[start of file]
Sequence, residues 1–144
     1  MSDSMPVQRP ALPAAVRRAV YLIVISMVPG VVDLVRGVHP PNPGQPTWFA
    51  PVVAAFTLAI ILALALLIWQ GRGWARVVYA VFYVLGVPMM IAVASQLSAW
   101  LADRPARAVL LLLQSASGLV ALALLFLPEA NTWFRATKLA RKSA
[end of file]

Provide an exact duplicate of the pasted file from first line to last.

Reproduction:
Sequence, residues 1–144
     1  MSDSMPVQRP ALPAAVRRAV YLIVISMVPG VVDLVRGVHP PNPGQPTWFA
    51  PVVAAFTLAI ILALALLIWQ GRGWARVVYA VFYVLGVPMM IAVASQLSAW
   101  LADRPARAVL LLLQSASGLV ALALLFLPEA NTWFRATKLA RKSA